PHMSA understands that collecting detailed information is time-consuming. While Congress is requiring PHMSA to collect more detailed information, as indicated above, in this 30-Day Notice, PHMSA has removed the questions that commenters have indicated are unanswerable due to information unavailability to the grantees or nonexistence, unless it is required under statute or regulation. Furthermore, in response to commenters expressing frustration with the amount of information required, PHMSA has streamlined other questions so that grantees may answer in a more simplified way. Specifically, in this 30-Day Notice, PHMSA is simplifying all certification questions by placing them on one form that requires an initial next to each certification and/or compliance statement. This will eradicate the need for grantees to type out a certification or statement of compliance during the application process.

c. Information PHMSA Requests Does Not Relate to Hazmat Transportation Risks

In the 60-Day Notice, PHMSA proposed to request information on chemicals that are stored or used in the grantee's jurisdiction. NASTTPO states that “the potential for an accident in hazardous materials transportation has Start Printed Page 58035almost nothing to do with the amount of hazardous material used or stored in the state.” While many factors contribute to hazmat incidents, PHMSA disagrees with NASTTPO's contention that there is not a positive correlation between proximity of chemical facilities and hazmat incidents. In fact, the HMEP grant program was established to increase state, territorial, Native American tribal, and local effectiveness in safely and efficiently handling hazardous materials accidents and incidents, enhance implementation of the Emergency Planning and Community Right-to-Know Act of 1986 (EPCRA), and encourage a comprehensive approach to emergency training and planning by incorporating the unique challenges of responses to transportation situations. EPCRA was signed by President Reagan in October 1986 and implemented in 1987 in response to deaths and injuries as a result of incidents at fixed facilities in Bhopal, India and in West Virginia. Furthermore, 49 USC, chapter 51, section 5116 (b)(4)(A) requires that PHMSA, when determining the grant funds allotted to each grantee, consider “the number of hazardous material facilities in the state or on land under the jurisdiction of the tribe.” As such, we intend to collect the information required by law, but in this 30-Day Notice, we propose to collect only information of which or to which applicants and grantees have access. As previously stated, we acknowledge the difficulty that applicants and grantees may have in obtaining data on facilities with Extremely Hazardous Substances in quantities of either 500 pounds, or the Threshold Planning Quantity (TPQ), whichever is lower, or other hazardous chemicals in quantities of 10,000 pounds or more. As such, PHMSA will look to other sources to retrieve this information.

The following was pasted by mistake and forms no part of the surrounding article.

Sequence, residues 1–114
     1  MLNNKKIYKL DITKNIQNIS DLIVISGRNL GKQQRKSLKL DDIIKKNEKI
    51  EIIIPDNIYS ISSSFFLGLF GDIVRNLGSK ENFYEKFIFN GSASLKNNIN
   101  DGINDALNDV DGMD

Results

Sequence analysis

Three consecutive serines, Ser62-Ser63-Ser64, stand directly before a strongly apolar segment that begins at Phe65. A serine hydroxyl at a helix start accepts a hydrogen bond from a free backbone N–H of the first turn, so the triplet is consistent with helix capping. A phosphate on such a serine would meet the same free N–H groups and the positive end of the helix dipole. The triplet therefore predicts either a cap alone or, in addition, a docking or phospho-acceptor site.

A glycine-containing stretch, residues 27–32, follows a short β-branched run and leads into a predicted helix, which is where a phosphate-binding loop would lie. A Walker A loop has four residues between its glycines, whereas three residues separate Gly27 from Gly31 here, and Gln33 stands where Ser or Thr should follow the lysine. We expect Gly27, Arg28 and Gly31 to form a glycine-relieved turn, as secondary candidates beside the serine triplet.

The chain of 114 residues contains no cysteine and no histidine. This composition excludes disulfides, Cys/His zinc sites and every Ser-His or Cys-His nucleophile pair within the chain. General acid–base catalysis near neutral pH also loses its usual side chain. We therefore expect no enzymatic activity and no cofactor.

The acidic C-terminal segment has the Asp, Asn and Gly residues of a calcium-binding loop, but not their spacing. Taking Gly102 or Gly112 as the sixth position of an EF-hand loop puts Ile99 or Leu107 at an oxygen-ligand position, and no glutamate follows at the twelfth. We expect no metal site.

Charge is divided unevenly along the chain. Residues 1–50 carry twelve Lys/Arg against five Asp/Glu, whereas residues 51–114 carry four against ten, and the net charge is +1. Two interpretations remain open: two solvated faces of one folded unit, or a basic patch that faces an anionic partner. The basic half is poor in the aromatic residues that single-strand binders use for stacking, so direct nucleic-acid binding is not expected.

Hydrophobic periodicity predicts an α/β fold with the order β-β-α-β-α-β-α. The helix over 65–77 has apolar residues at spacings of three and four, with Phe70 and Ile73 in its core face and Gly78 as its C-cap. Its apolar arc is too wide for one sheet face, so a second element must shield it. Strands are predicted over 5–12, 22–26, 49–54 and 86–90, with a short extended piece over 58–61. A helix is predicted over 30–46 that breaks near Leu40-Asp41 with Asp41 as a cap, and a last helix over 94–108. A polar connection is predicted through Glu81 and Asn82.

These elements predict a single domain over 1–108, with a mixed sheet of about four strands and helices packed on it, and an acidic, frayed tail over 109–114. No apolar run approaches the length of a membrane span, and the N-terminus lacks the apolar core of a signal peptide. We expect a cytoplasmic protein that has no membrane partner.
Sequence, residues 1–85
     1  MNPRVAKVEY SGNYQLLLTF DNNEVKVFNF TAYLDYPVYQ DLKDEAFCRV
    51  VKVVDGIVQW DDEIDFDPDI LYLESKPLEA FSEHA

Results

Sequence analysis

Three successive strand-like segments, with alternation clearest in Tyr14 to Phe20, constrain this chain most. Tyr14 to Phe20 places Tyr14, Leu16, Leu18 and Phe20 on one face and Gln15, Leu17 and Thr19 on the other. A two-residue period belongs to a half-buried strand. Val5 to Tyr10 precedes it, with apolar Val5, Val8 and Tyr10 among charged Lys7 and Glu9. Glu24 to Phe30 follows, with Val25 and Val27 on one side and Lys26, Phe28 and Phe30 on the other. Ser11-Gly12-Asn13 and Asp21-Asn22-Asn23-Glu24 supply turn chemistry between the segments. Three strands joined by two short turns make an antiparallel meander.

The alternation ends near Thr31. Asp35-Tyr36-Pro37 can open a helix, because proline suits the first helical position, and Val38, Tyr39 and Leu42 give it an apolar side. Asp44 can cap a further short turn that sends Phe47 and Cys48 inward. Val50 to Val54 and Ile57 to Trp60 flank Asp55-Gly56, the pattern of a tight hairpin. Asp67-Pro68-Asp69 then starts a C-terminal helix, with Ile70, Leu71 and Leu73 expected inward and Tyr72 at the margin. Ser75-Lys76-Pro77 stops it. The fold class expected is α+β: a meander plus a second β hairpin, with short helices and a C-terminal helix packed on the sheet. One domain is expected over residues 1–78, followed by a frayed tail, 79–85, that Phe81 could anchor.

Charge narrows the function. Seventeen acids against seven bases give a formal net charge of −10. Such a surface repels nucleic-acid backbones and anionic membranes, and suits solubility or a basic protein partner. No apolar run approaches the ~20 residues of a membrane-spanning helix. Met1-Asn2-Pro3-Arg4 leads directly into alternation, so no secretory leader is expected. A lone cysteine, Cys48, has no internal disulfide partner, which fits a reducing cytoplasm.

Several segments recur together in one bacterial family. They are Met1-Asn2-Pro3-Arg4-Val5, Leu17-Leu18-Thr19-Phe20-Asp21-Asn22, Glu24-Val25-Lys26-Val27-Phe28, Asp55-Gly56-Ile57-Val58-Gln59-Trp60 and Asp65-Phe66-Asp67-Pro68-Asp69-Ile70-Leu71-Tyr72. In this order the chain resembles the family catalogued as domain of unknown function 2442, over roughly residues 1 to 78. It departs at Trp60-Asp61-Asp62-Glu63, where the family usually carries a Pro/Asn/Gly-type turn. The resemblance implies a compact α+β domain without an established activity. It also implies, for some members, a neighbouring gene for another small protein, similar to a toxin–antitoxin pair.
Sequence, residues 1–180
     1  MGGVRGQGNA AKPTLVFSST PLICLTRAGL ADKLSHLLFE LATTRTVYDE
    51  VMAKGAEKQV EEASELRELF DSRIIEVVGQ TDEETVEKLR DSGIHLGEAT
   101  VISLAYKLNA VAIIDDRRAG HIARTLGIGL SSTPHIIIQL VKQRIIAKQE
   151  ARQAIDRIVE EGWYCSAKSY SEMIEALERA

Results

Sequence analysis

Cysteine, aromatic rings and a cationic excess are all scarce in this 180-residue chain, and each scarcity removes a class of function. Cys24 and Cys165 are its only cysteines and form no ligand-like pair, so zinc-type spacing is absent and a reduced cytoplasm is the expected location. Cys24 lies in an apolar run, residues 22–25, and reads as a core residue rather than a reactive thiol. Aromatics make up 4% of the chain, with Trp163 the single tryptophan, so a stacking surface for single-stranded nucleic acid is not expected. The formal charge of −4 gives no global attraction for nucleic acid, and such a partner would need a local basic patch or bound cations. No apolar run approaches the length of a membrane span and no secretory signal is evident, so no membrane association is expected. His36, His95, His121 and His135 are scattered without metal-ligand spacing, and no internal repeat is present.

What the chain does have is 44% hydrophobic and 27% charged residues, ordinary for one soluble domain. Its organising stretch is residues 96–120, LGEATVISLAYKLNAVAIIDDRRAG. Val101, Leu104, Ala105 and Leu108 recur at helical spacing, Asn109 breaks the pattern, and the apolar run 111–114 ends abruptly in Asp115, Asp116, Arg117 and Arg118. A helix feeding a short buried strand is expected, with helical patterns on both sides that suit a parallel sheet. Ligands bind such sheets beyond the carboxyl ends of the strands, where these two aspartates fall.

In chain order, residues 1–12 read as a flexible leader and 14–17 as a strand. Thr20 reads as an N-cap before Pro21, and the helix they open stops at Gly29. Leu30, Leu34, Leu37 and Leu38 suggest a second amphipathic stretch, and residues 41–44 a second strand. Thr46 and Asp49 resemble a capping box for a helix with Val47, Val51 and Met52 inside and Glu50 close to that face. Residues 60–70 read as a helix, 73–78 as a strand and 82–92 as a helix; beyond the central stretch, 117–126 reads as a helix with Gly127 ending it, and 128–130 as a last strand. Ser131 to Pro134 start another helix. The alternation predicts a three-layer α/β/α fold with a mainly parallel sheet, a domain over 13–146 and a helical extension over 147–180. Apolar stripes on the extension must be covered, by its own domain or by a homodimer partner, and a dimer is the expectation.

d. Burden Hours are Underestimated

Daniel Roe commented that:

“[T]he simpler you keep reporting procedures and the fewer and more meaningful those procedures are, the more successful and enduring those programs will remain. PHMSA, in these proposals, is over-burdening an already over-burdened structure and will destroy it through excessive administrative taskings which these proposals are.”

NASTTPO indicates that the burden hours PHMSA estimated in the 60-Day Notice were too low, stating:

“To the extent that any of the information requested by PHMSA exists, much of it exists on paper rather than in an electronic form. Further, much of this information will be in the hands of state or tribal agencies other than the grantee agency. The grantees are not in control of the level of cooperation or how expeditiously these other agencies will respond.”

NASTTPO indicates that “twenty minutes is not enough time to answer a set of questions for which the grantee does not have nor can obtain the information. Given that some of this information is simply impossible to obtain under current laws and regulations because it does not exist within any government agency, grantees will spend time for which no result is even possible.”

NASTTPO further indicated that PHMSA fails to understand that the grantee agency within many states or tribes may not be the agency that collects the Emergency Planning and Community Right-to-Know Act (EPCRA) information. Sections 301 to 303 of EPCRA require the governor of each state to designate a State Emergency Response Commission (SERC) that is responsible for implementing EPCRA provisions within its state. In accordance with the HMEP grant terms and conditions, all members of the SERC must be provided the opportunity to review both the training and planning grant applications. While the agency responsible for overseeing the HMEP grant program may not be the same as the agency collecting EPCRA information, the two agencies within the state (if they are different) must maintain a close relationship to comply with the terms and conditions of the HMEP grant.

PHMSA estimated that it will take each respondent approximately 60 minutes to answer the list of questions. California asks “What is the methodology for determining this? It is this grant program manager's estimation that the coordination and research that will be required to obtain the requested data will far exceed this estimate.”

In response to comments from grantees and their representatives, in this 30-Day Notice PHMSA is either removing proposed questions or refining the questions to include information PHMSA perceives as being available to the grantees. Furthermore, PHMSA has streamlined its proposed application template to conform with its proposed reporting templates. By doing so, applicants will be able to seamlessly transfer and relate back to data in their applications, midyear reports, and final reports. Finally, we have increased the estimated number of hours it will take to assess potential chemical threats from 22 hours (62 respondents × .33 hour per respondent = 20 hours) to 62 hours (62 respondents × 1 hour per respondents = 62 hours).